“Children’s writers are the secret friends of childhood.”
The annual Scottish Book Trade Conference took place this week in Edinburgh’s beautiful Central Hall, attended by a record number of booksellers, publishers, students, and industry professionals.
We were delighted to hear first from Barry Cunningham, Managing Director of Chicken House Books, and more widely known as the editor who discovered J. K. Rowling. Already a popular figure, Barry instantly bonded with the Scottish members of his audience as he took the stage with a bottle of Irn Bru, commenting that his father had grown up in nearby Leith “back when it was less full of wine bars”.
In a previous life, Barry worked as a bookseller. He believes this entry-level job taught him how children really interact with books, and paved the way to his future career. J. K. Rowling is sometimes asked why she thinks he took on her manuscript after being turned down by so many editors. Her response is that he was the only one who had also been “a giant costumed character” (he dressed up as a puffin to sell books in his first job). Indeed, it was by getting down to the level of young readers that Barry learned how books “connect to the secret world of childhood”, and led him to see the potential in Harry Potter and the Philosopher’s Stone.
Having had plenty of time to ponder the issue, Barry now believes villains are children’s fiction’s most defining element, whether these come with a face or in the form of a situation that must be struggled against. Although books mean different things to young readers around the world, they can impart common messages about what to do when facing unfairness or oppression. These kinds of lessons are the most important, offering empowerment and advice where it may be lacking. Barry’s message is a timely one, translating equally to adults as we live through times of challenge and uncertainty. More than ever, readers across age ranges need books about how to be brave, which Barry says the best children’s books do – whether that bravery comes from reaching out towards unlikely friendships, or in making tough decisions.
“I didn’t know you could feel like that…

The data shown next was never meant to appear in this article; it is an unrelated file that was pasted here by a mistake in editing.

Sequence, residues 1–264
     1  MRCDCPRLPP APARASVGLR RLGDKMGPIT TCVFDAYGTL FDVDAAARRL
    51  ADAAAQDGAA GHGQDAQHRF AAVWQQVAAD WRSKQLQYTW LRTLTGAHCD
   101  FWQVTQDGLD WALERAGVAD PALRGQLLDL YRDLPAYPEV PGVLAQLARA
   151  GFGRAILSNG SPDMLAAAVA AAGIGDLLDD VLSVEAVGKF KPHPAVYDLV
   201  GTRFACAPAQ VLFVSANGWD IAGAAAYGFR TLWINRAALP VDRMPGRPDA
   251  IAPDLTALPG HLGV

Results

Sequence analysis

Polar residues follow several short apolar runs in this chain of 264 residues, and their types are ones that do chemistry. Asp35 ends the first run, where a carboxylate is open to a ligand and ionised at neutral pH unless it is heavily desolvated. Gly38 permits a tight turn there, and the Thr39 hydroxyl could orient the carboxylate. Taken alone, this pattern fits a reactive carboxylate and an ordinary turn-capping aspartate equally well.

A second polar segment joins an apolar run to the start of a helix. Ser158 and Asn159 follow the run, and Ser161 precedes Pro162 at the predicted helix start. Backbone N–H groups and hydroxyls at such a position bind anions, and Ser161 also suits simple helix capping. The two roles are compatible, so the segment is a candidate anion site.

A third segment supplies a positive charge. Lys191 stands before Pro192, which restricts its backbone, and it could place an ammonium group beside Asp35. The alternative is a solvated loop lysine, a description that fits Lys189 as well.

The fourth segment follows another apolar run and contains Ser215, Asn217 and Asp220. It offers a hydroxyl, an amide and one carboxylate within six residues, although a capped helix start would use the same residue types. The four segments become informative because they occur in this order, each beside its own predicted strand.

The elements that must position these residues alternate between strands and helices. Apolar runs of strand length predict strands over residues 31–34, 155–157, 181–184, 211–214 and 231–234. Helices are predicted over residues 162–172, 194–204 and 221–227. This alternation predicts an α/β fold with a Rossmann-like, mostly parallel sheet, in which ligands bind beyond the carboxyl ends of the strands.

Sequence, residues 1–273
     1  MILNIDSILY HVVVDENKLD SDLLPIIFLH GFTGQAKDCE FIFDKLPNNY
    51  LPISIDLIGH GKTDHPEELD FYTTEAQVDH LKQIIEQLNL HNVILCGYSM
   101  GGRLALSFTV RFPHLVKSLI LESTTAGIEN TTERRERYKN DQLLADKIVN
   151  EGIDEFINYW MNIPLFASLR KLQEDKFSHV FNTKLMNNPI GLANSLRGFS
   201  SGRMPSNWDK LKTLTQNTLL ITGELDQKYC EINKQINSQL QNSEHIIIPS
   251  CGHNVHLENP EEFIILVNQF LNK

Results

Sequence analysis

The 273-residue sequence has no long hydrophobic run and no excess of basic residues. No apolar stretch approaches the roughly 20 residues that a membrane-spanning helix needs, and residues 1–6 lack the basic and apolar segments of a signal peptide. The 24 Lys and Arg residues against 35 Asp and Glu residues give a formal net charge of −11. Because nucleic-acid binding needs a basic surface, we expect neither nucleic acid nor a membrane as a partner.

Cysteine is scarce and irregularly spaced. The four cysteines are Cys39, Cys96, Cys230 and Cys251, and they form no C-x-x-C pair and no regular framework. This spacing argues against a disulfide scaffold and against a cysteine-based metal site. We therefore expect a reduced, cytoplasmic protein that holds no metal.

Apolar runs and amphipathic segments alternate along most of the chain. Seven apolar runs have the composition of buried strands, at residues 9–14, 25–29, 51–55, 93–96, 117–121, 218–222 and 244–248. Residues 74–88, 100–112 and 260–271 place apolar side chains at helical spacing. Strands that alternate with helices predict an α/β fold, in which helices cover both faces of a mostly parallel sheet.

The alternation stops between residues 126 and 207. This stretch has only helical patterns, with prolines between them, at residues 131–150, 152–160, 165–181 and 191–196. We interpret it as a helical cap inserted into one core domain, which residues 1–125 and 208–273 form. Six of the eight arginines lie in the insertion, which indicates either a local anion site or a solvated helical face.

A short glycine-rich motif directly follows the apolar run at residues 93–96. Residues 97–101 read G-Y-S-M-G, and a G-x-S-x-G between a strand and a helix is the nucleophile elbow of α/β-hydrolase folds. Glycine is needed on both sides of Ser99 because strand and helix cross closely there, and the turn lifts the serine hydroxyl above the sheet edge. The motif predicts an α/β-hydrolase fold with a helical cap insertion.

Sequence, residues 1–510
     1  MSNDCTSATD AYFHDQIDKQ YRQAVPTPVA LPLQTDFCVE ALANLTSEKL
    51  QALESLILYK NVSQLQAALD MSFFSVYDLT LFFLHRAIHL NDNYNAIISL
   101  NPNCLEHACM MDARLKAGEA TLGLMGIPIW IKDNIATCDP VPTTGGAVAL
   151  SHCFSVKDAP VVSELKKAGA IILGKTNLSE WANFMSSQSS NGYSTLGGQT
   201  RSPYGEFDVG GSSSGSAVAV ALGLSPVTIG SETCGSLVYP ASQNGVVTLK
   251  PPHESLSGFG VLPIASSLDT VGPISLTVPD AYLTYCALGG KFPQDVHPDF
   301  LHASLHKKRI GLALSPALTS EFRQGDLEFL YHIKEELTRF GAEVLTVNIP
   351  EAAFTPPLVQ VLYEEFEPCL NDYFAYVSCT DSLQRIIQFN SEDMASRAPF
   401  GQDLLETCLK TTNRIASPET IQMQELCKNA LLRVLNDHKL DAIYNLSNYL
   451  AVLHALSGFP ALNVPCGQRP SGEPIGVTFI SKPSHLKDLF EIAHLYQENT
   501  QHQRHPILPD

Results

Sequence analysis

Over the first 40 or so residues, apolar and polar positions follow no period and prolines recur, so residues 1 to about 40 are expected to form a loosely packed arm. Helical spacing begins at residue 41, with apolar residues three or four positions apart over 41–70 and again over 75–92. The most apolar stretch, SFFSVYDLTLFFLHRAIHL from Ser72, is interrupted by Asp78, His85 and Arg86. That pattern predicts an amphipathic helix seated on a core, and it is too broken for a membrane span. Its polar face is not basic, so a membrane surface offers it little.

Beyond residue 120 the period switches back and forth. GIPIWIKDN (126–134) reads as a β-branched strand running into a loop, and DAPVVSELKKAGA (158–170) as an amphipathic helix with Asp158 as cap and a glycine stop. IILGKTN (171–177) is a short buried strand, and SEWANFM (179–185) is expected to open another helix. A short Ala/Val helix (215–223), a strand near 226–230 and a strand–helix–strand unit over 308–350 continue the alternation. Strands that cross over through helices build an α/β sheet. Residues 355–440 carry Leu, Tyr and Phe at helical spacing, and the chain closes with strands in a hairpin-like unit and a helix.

I didn’t know you were allowed to.”
Barry says that much less is off-limits these days in children’s fiction. Adults are portrayed as “interesting and flawed, just as they really are”, rather than coming from a position of condescending authority. Increasingly, children are trusted to comprehend complex realities, with books opening up new avenues of experience. Barry says he often hears the reader response “I didn’t know you could feel like that; I didn’t know you were allowed to.”
Authors often use humour to secure their audience, but also to deal with danger and difficulty by making these less scary. For young readers, laughter is often the best (and sometimes the only) defence, much like with Rowling’s boggarts. Animal books also continue to be hugely popular. According to Barry, this might be due to children’s ability to relate to shared experiences of limited autonomy (like being moved around or scolded).
Despite a hugely successful career, Barry continues to investigate the engagement of young readers. On a recent school visit, he was told by a pupil that she knew the reason why grown-ups wanted children to read: “Because if we understand these [stories] then our own story doesn’t have to end where it began.” Perhaps it is these emotional messages that help explain why children’s fiction also continues to appeal to parents, teens, and others. 2016 was another outstanding year for the genre, which was up 11% and formed 37% of the UK’s print market.
However, that’s not to exclude the struggles of those who work behind the curtain, getting these stories into children’s hands. The writers who contribute this value to our societies also need support, such as that provided to J. K. Rowling by the Arts Council Scotland when she was beginning her career. Barry feels that providing funding to new authors is crucial, allowing them the time and financial security to get down to the most important task. Chicken House regularly participate in initiatives like The Times Children’s Fiction Competition, the ’24-Hour Coop’, and The Big Idea, competitions which can offer significant funding to writers.
The other main challenge, raised by the audience, was of ‘browseability’: how to make a wider variety of titles available to parents who might be confused about where to find a sought-after book, or may only encounter what’s stocked by a supermarket during a weekly shop. ‘Click-thrus’ to online merchants or ‘also bought with’ algorithms don’t achieve the desired impact of getting customers to truly engage. As an alternative, Barry recommends getting creative with links, such as using the BA’s ‘find your local bookshop’ button, or linking to other, wider types of content about the book or its author.
The conclusion for 2017 was that children’s books “must continue to be both responsive, and responsible”. Given that his work twenty years ago had such a profound impact on many of our own childhoods, Barry’s insights into children’s fiction were truly an inspiring way to kick off the conference.